As another attack avenue, leveraging processes run by different local users/cgroupv2 on the machine (abusing other daemons, delegating systemd) can also help an attacker evade this. This aspect obviously depends on the system hosting the monitoring solution. Protecting against this is tricky, since even if PR_SET_CHILD_SUBREAPER is set to ensure that the descendants can’t re-parent themselves to init, if the ancestor reaper dies or is killed (DoS), then processes in that service can escape their cgroup “container”. Any compromise of this privileged service process (or malfeasance by it) allows it to kill its hierarchy manager process and escape all control.

4. Memory limits and loss of events

BPF programs have a lot of constraints. Only 512 bytes of stack space are reserved for the eBPF program. Variables will get hoisted and instantiated at the start of execution, and if the script tries to dump syscall arguments or pt-regs, it will run out of stack space very quickly. If no workaround on the instruction limit is set, it could be possible to push the script into retrieving something too big to ever fit on the stack, losing visibility very soon when the execution gets complicated. But even when workarounds are used (e.g., when using multiple probes to trace the same events but capture different data, or split your code into multiple programs that call each other using a program map) there still may be a chance to abuse it. BPF programs are not meant to be run forever, but they have to stop at some point. By way of example, if a monitoring solution is running on CentOS 7 and trying to capture a process arguments and its environment variables, the emitted event could have too many argv and too many envp. Even in that case, you may miss some of them because the loop stops earlier. In these cases, the event data will be truncated. It’s important to note that these limitations are different based on the kernel where BPF is being run, and how the endpoint agent is written.

Another peculiarity of eBPFs is that they’ll drop events if they can not be consumed fast enough, instead of dragging down the performance of the entire system with it. An attacker could abuse this by generating a sufficient number of events to fill up the perf ringbuffer and overwrite data before the agent can read it.

5. Never trust the userspace

The kernel-space understanding of a pid is not the same as the user-space understanding of a pid. If the eBPF script is trying to identify a file, the right way would be to get the inode number and device number, while a file descriptor won’t be as useful. Even in that case, probes could be subject to TOCTOU issues since they’ll be sending data to user mode that can easily change. If the script is instead tracing syscalls directly (using tracepoint or kprobe) it is probably stuck with file descriptors and it could be possible to obfuscate executions by playing around with the current working directory and file descriptors, (e.g., by combining fchdir, openat, and execveat).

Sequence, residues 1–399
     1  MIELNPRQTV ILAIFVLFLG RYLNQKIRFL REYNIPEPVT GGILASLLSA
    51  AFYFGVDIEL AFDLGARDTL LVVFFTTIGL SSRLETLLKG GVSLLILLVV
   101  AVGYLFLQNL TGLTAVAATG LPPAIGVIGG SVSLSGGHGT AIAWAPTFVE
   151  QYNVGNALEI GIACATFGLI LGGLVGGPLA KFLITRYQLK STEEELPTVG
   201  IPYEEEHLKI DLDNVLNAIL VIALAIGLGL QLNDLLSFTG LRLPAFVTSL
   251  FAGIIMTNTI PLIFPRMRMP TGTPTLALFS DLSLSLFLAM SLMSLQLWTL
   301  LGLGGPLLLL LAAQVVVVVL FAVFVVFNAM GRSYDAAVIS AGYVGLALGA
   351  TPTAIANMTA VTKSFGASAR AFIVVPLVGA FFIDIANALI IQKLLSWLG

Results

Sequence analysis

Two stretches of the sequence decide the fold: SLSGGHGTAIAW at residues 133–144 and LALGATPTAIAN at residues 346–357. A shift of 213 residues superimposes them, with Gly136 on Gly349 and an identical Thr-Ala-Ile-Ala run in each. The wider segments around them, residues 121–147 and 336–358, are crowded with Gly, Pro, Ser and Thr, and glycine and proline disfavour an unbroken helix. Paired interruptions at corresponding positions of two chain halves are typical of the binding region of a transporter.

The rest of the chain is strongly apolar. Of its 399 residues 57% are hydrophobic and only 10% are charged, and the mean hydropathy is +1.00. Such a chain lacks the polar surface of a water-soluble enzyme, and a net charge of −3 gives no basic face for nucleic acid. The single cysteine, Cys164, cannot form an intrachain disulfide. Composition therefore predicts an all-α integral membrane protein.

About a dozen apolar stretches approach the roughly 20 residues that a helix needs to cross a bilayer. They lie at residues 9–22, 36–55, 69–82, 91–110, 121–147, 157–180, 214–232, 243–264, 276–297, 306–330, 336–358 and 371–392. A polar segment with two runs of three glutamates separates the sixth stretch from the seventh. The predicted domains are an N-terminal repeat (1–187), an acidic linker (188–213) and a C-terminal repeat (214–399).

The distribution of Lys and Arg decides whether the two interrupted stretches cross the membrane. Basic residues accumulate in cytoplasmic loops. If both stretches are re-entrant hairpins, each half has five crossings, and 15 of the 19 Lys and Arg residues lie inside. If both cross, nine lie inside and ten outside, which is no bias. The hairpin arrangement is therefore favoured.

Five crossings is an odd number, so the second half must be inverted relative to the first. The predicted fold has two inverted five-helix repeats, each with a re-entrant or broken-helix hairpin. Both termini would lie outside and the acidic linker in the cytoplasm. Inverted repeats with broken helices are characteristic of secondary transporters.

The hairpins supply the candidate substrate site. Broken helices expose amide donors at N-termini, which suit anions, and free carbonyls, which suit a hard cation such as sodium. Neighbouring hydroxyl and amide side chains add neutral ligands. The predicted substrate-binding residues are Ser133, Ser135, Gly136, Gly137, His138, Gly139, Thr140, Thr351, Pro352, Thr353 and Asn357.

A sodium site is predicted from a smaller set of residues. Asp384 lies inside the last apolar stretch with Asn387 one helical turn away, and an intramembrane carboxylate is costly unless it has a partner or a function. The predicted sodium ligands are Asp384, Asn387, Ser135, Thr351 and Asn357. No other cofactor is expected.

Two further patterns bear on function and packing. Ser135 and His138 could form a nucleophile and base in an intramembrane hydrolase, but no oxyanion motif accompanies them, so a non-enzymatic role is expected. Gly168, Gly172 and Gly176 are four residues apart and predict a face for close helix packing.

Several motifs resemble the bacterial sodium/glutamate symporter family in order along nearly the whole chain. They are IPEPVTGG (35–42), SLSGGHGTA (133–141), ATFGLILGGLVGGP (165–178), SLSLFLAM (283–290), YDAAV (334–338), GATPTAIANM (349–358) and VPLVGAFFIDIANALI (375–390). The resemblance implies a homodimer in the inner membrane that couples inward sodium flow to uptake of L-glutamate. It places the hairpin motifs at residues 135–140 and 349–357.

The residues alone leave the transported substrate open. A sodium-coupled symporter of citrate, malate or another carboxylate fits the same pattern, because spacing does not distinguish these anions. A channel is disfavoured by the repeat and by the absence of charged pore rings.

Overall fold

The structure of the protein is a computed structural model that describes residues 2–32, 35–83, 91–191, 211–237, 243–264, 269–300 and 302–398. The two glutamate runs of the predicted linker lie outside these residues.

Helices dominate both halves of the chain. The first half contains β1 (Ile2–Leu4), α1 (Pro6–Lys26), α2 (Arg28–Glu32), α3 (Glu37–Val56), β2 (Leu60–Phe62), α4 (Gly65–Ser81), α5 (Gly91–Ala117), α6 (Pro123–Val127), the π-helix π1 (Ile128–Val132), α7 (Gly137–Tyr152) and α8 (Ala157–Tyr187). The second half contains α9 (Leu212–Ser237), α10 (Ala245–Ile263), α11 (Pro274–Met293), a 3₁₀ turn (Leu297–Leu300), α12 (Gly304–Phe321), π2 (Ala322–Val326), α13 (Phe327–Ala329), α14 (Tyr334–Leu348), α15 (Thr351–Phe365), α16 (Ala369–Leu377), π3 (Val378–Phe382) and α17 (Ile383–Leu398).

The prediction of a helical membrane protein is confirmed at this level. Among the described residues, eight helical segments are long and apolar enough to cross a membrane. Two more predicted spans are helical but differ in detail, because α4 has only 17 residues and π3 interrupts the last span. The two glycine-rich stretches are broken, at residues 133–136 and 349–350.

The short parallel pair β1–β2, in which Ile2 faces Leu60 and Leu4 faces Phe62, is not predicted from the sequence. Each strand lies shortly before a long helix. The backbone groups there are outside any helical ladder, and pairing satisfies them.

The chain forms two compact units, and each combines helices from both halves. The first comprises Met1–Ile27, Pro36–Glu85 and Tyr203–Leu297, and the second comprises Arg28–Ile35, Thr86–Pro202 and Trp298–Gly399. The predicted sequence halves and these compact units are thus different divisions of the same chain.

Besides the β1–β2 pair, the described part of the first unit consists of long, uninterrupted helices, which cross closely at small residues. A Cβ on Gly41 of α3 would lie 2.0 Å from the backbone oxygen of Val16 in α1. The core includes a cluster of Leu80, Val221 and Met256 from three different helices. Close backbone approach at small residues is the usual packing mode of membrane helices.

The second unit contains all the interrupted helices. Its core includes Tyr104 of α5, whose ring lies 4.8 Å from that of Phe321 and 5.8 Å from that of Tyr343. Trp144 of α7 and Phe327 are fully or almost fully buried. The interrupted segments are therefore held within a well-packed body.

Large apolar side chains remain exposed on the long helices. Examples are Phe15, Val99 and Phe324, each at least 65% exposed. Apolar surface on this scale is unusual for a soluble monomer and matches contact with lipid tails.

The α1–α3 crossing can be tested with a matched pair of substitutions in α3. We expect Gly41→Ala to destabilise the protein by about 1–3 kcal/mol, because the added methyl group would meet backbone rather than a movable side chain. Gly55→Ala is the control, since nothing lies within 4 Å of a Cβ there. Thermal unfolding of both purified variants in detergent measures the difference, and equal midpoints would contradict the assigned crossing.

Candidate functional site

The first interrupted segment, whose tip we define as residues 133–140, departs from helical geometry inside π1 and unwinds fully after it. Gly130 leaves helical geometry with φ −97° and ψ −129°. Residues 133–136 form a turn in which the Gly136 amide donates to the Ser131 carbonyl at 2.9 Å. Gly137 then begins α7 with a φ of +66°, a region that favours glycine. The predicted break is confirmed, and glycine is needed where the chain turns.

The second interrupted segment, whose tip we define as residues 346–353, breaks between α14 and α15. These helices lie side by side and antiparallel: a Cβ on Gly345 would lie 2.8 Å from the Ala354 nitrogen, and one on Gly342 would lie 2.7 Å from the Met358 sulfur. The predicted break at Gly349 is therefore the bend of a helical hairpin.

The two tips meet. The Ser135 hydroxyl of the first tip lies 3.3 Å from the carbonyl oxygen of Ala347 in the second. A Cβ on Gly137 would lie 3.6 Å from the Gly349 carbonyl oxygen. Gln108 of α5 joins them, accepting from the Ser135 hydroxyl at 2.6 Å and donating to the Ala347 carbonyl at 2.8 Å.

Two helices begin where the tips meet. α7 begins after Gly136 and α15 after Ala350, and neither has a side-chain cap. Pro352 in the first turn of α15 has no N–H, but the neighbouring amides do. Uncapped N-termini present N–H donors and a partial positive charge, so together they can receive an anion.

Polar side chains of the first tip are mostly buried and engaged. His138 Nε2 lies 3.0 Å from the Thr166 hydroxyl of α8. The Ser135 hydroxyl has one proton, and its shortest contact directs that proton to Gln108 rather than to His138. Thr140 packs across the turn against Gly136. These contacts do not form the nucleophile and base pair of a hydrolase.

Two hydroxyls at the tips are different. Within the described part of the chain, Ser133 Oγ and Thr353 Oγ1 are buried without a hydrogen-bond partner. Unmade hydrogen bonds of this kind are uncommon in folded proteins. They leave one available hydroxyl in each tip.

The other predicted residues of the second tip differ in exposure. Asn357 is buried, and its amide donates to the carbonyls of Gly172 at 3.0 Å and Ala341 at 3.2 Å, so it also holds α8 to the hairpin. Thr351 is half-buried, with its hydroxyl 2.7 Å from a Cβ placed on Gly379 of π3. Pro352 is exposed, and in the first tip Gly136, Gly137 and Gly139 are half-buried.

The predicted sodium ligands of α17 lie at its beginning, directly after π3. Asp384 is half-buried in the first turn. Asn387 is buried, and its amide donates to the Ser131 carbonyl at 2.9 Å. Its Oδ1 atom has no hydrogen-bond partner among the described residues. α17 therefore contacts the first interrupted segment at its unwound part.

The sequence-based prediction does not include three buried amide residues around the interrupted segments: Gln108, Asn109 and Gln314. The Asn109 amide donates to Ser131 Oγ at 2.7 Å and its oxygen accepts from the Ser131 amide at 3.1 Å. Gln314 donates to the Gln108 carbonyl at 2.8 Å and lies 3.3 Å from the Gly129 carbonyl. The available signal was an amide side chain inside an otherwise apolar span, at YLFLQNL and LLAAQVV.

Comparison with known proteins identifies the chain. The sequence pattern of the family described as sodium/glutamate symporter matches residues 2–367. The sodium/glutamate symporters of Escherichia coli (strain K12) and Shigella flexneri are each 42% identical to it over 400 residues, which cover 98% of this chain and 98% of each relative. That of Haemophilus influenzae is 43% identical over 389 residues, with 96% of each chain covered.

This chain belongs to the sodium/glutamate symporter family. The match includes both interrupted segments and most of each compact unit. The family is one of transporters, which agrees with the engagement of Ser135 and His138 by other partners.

6. Abuse the lack of seccomp-bpf & kernel discrepancies

eBPF-based monitoring solutions should protect themselves by using seccomp-BPF to permanently drop the ability to make the bpf() syscall before spawning a console session. If not, an attacker will have the ability to make the bpf() syscall to unload the eBPF programs used to track execution. Seccomp-BPF uses BPF programs to filter arbitrary system calls and their arguments (constants only, no pointer dereference).

Another thing to keep in mind when working with kernels, is that interfaces aren’t guaranteed to be consistent and stable. An attacker may abuse eBPF programs if they are not run on verified kernel versions. Usually, conditional compilation for a different architecture is very convoluted for these programs and you may find that the variant for your specific kernel is not targeted correctly. One common pitfall of using seccomp-BPF is filtering on system call numbers without checking the seccomp_data->arch BPF program argument. This is because on any architecture that supports multiple system call invocation conventions, the system call numbers may vary based on the specific invocation. If the numbers in the different calling conventions overlap, then checks in the filters may be abused. It is therefore important to ensure that the differences in bpf() invocations for each newly supported architecture are taken into account by the seccomp-BPF filter rules.

7. Interfere with the agents

Similarly to (6), it may be possible to interfere with the eBPF program loading in different ways, such as targeting the eBPF compiler libraries (BCC’s libbcc.so) or adapting other shared libraries preloading methods to tamper with the behavior of legit binaries of the solution, ultimately performing harmful actions. In case an attacker succeeds in altering the solution’s host environment, they can add in front of the LD_LIBRARY_PATH, a directory where they saved a malicious library having the same libbcc.so name and exporting all the symbols used (to avoid a runtime linkage error). When the solution starts, instead of the legit bcc library, it gets linked with the malicious library. Defenses against this may include using statically linked programs, linking the library with the full path, or running the program into a controlled environment.

Many thanks to the whole Teleport Security Team, @FridayOrtiz, @Th3Zer0, & @alessandrogario for the inspiration and feedback while writing this blog post.